In reply, Ms Springham indicated that the Keeper was not able to accept, for the purposes of this argument, an assertion going beyond the pleadings about the position of the fire escape. In any event, submissions about the sale of the hotel in 2003 did not address the argument about inaccuracy in the house title. If a person asked the Keeper to register an area of land less than that to which he is entitled, there would not be inaccuracy at the point when he decided to ask for the remaining part. He could apply for registration of that part. Any registered title less than the true title was not inaccurate where it was within the scope of the application. The Keeper would resist a proposition that inaccuracy on the application form could base an application for rectification. The question had to be whether there was an entry which ought not to have been made.
 Ms Springham submitted that the Keeper’s alternative case of personal bar is based on the appellant’s representations to the Keeper in the letter of May 2002 and the Form 1 application in respect of the house subjects that the right which he asserted was to the area of ground depicted in the plan attached to the letter. The Keeper had relied on these representations and had issued a land certificate depicting the area as shown on that plan, without exclusion of indemnity. The representation had to be interpreted objectively, and if it conveyed to the reasonable man that it was seriously intended, it was immaterial that the maker did not so intend it – Ben Cleuch Estates v Scottish Enterprise, particularly per, Lord Macfadyen at 274, paras 85 -87. If a person acted in a particular way, so as to convey an intention that the representation was to be relied on, averments of actual intention were irrelevant. That was the position with this representation; nothing more was required, and there was nothing to contradict it. The Keeper’s reliance on it was justified. As to prejudice, it was not always necessary to show that actual prejudice had been suffered: William Grant & Sons Limited v Glen Catrine Bonded Warehouse Limited, particularly, per LP Rodger at 921, para 42 and Lord Clarke at 942, para 4. It was sufficient that the person relying on the representation might suffer prejudice or loss if the position represented changed. The knowledge of a person’s legal adviser would be imputed to him. (Mr Henderson intervened to accept the latter proposition). There was scope for personal bar in the context of land registration, although there might be arguments whether it could apply against the Keeper. The potential prejudice lay in relation to indemnity: if the Keeper could not rely on the representation, she might face a claim for indemnity. Personal bar was an equitable doctrine. There was no public policy reason to exclude it. Reference was made to Reid and Blackie on Personal Bar, at page 88. It would not have been open to the Keeper to change the position represented. Third parties might consult the Register.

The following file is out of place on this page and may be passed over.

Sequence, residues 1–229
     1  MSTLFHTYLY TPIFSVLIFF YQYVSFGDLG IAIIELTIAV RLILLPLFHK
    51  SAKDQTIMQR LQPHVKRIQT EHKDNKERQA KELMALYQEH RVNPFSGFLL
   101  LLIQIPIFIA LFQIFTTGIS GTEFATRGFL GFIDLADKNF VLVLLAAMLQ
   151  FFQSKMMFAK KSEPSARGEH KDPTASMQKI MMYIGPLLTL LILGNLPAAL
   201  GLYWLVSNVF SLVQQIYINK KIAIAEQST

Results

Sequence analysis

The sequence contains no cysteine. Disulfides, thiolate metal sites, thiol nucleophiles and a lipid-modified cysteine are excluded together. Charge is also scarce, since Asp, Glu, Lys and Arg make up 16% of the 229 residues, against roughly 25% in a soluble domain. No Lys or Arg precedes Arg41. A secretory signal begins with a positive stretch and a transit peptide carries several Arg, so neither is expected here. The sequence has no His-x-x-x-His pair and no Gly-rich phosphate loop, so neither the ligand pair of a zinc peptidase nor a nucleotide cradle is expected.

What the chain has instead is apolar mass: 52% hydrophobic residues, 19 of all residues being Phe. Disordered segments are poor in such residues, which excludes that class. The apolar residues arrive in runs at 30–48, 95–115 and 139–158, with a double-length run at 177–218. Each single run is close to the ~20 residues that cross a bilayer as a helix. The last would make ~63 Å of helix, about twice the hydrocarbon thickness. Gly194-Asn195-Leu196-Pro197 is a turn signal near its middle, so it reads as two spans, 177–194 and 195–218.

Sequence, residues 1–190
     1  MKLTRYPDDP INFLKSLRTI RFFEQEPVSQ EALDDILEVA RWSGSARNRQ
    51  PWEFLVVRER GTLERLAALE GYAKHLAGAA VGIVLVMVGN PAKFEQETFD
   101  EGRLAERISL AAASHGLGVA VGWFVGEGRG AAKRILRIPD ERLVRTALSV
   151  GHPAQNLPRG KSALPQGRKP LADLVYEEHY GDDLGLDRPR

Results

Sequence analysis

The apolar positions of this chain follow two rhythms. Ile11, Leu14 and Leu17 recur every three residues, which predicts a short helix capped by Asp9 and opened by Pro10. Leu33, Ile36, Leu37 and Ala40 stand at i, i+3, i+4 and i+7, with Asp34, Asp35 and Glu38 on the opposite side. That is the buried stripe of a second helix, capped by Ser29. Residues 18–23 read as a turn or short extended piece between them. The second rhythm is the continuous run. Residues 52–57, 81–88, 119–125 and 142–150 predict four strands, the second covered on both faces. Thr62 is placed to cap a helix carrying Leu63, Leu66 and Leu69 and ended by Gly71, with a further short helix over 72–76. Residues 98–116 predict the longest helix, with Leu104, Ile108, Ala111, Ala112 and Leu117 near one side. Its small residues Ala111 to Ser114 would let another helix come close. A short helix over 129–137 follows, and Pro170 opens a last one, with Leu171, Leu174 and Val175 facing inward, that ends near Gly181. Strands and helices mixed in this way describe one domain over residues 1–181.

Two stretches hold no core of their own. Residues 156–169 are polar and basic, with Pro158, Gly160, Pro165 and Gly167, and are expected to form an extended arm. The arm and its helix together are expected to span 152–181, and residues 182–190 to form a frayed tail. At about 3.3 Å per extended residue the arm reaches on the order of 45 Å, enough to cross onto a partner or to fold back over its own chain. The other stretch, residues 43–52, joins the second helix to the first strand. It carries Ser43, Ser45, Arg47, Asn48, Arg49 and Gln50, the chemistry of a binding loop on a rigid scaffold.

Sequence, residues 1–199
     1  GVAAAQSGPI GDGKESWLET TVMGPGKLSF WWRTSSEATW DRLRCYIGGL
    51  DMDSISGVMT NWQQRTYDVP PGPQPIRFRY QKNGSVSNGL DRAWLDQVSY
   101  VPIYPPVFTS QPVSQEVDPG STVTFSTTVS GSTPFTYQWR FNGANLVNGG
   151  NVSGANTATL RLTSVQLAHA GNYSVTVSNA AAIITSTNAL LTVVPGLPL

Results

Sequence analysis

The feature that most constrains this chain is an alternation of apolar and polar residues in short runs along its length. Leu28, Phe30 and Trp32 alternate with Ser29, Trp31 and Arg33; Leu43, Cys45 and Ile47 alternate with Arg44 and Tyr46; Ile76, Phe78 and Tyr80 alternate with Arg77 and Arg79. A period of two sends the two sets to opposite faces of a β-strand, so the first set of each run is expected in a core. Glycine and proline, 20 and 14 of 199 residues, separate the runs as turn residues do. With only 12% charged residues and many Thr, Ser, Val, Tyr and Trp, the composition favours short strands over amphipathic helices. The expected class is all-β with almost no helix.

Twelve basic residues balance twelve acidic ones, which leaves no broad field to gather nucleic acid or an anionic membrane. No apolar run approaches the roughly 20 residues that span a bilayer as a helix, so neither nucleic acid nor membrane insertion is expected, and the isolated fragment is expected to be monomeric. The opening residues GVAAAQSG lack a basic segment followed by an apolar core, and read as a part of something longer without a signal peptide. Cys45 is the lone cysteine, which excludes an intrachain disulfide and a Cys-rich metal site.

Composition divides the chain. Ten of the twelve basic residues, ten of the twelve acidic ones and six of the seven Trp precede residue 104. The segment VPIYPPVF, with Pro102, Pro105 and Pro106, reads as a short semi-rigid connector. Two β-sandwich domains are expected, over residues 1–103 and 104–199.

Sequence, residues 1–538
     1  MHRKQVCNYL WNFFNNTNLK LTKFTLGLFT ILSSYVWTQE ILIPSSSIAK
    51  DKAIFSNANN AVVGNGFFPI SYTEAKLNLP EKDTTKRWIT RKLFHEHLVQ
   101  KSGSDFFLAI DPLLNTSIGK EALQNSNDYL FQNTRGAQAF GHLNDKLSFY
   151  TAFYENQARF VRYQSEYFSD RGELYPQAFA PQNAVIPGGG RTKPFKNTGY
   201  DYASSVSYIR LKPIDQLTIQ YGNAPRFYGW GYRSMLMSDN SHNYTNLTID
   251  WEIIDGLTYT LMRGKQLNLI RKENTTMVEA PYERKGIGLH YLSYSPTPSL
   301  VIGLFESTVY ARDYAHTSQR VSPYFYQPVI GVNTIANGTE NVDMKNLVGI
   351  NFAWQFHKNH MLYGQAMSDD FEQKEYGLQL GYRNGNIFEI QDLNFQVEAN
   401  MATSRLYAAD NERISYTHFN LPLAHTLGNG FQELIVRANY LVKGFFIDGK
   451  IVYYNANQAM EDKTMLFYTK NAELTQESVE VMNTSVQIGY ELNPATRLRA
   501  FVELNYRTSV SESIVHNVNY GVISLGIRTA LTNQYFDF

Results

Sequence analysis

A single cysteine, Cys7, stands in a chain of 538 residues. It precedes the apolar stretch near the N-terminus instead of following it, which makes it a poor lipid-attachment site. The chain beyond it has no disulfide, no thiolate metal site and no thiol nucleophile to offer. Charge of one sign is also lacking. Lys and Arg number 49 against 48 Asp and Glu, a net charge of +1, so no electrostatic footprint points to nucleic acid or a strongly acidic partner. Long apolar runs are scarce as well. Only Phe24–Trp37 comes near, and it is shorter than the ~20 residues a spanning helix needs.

Mr Henderson submitted that the Tribunal should hesitate before dismissing on the basis of personal bar. There was no precedent for the Keeper relying on personal bar. Reference was made to the classic statement in Gatty v Maclaine. On the appellant’s pleadings, reliance on the letter of 2002 was not justified. The plan made no sense, and there was nothing to give an intention to show where the garden ground was. Although there was an attempt to respond to the Keeper’s indication on the Form P16, there was actually no response and the letter could not be treated as saying anything. If rectification were not possible where an applicant had made a mistake, there would be no Section 9 or Section 25. The Keeper ought not to have acted on the letter.
 Nor, said Mr Henderson, was there anything in the pleadings to indicate much by way of prejudice. As regards indemnity, issues of personal bar and prejudice were covered by the scheme of the 1979 Act. There could be no personal bar in such a statutory scheme of registration, as opposed to a matter of private right. The representation was simply part of the procedure to be followed. The Keeper was there simply to see that the procedure was to be followed. The scheme envisaged care being taken, but recognised there would be difficulties, and did not simply give the Keeper the right to sort out problems. There was potential for inaccuracy at every first registration. Reference was made to Reid and Blackie at 5-10; R v East Sussex Council, ex p Reprotech (Pebsham) Ltd, per Lord Mackay of Clashfern at para 6 and Lord Hoffmann at para 32; and Murphy v Brentwood District Council. Personal bar would be the sort of right that Parliament would legislate on. To allow it would “drive a coach and fours” through the rectification scheme. This was the epitome of a public law situation. It was a public application for inclusion on a register, not a free market situation. Reference was also made to PMP Plus v The Keeper, at para 41 and Braes v The Keeper, at paras 61,62 and 83. It was inconsistent for the Keeper to rely representations by parties registering if he himself was not going to be liable for his actings. If there was any dispute about prejudice, that could only be discussed after proof: the materiality of any detriment or prejudice would have to be considered.